Synopsis: A psychotic murderer institutionalized since childhood for the murder of his sister, escapes and stalks a bookish teenage girl and her friends while his doctor chases him through the streets.
Stars: Donald Pleasence, Jamie Lee Curtis, PJ Soles, Tony Moran, Nancy Loomis, Kyle Richards
Director: John Carpenter
Running Length: 91 minutes
TMMM Score: (9.5/10)
Review: The high water mark from which all horror films of the 80’s and onward would be judged against, John Carpenter’s 1978 masterpiece more than earns its stripes and remains a surefire winner for those looking for a good scare. Movies like this that are such a part of our cultural identity can be difficult to return to because they can start to remind us of the imitation films we’ve seen along the way. Halloween bucks that trend with ease, making repeat viewings almost essential to remind audiences how to do horror right.
Carpenter didn’t set out to make a genre defining classic when he wrote and directed the film on a shoestring budget. Originally intended to make some money to finance future projects, I’m not sure anyone really imagined the film doing the kind of business it did or receiving the kind of critical praise resaved for big-budget Hollywood films. Because Halloween was made with modest intentions, it had no preconceived notions or expectations of what it could become. It was created to entertain and scare the pants off of audiences and it does that and so much more.
Before the credits even begin, Carpenter’s unforgettable score hits our ears and establishes a mood from the get-go. This is a film that has a heartbeat to it…and it brings you along with it making our pulse quicken right along with it. Carpenter gives us lasting frights as he puts the camera in place of a killer in the prologue, shows us what happens one rainy night at a mental asylum, and terrorizes poor Laurie Strode (Curtis) as she and her friends are stalked on October 31 by a masked killer returning to his hometown.
The casting of Curtis was nearly a glorified publicity stunt. Wouldn’t the daughter of Janet Leigh (who so memorably took an ill-fated shower in Psycho) be great to headline her first film in the same genre her mom found such success with? Well…stunt or not it’s clear that Curtis was perfect in the role and it’s in her performance that I feel the movie really cements its place in history. Without a lead character to root for, the audience wouldn’t be as afraid for her as they are as she is hunted in the night by Michael Myers.
Subsequent sequels would flesh out the connection Strode and Myers had but in this film it’s the not knowing what his motivations are that are the most frightening. In this first film the lumbering Myers (referred to as The Shape by many) doesn’t hunt his victims so much as he stalks them with an eerie curiosity like a caged animal would look at prey that has strayed too close to the bars. The deaths in the film are not without meaning or feeling…Carpenter is good at establishing who these people are before Myers dispatches with them.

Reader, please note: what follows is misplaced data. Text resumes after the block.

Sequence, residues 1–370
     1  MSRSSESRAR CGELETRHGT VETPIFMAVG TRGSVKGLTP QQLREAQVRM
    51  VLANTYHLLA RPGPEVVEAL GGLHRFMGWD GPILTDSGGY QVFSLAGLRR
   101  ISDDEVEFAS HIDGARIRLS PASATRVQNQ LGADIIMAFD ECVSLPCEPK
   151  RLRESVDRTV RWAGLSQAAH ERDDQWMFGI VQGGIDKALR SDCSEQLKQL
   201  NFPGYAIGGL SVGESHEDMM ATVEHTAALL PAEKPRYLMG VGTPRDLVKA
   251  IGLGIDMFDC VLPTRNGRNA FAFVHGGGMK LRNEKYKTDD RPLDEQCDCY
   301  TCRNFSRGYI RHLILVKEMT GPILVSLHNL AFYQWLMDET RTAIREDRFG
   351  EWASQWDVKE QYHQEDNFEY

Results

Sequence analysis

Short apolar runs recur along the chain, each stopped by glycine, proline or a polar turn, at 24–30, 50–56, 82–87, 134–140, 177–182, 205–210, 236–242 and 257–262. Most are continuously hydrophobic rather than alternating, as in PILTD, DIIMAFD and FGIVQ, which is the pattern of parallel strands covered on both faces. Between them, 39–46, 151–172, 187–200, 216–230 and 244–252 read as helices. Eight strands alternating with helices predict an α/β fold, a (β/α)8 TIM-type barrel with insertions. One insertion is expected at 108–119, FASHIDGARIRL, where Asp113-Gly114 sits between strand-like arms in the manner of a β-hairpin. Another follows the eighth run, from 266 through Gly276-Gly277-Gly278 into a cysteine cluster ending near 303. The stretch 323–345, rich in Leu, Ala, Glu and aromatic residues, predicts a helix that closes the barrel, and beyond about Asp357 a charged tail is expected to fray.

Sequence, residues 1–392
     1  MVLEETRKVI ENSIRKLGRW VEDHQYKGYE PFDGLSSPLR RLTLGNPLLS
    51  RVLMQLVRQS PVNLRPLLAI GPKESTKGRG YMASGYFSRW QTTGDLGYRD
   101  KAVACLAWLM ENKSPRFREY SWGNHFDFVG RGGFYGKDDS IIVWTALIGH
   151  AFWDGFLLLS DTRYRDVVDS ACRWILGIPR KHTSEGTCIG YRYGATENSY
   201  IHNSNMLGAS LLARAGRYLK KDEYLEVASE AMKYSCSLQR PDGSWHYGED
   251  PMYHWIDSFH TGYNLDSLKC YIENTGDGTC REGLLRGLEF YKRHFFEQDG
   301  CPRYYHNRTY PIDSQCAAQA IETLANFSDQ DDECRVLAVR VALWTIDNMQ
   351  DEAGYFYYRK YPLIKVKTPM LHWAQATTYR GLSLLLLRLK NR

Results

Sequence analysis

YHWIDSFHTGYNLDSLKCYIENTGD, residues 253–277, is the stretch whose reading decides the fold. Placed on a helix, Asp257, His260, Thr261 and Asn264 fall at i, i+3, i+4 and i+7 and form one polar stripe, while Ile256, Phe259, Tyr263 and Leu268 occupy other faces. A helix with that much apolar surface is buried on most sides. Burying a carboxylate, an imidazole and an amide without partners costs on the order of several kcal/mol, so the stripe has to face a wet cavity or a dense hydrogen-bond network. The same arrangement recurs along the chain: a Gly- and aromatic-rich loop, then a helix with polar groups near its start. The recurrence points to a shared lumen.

That’s not to say the film isn’t without its flaws. While Curtis is exceptional it’s strange that top-billed Pleasence has relatively little to do in this entry. He’d become a major part of future installments but he’s largely a secondary player here as the crux of the film involves Curtis and Nick Castle as Myers (ironically, Castle would go on to become a director of family-friendly films). As the best friends of Curtis, Soles and Loomis are a fun bunch but lack something in the acting department. Loomis especially confuses insincerity with wiseacre a bit too often…but it does play nicely off of the demure performance Curtis turns in.
Most film fans know that Myers kept coming back for more over the years in sequels that couldn’t measure up (even though Halloween II is a strong follow-up and should be watched in tandem with the original). If you can, try watching the movie without thinking about the legacy that these films have spawned over the past three decades. It really is a masterwork of fright that’s on display here, a can’t miss and must-see film. I’ve seen it more times that I’ll admit here and continue to get something out of it with each viewing.
Click here for my review of Halloween II
Click here for my review of Halloween III: Season of the Witch
Click here for my review of Halloween 4: The Return of Michael Myers
Click here for my review of Halloween 5: The Revenge of Michael Myers
Click here for my review of Halloween: The Curse of Michael Myers
Click here for my review of Halloween H20: Twenty Years Later
Click here for my review of Halloween: Resurrection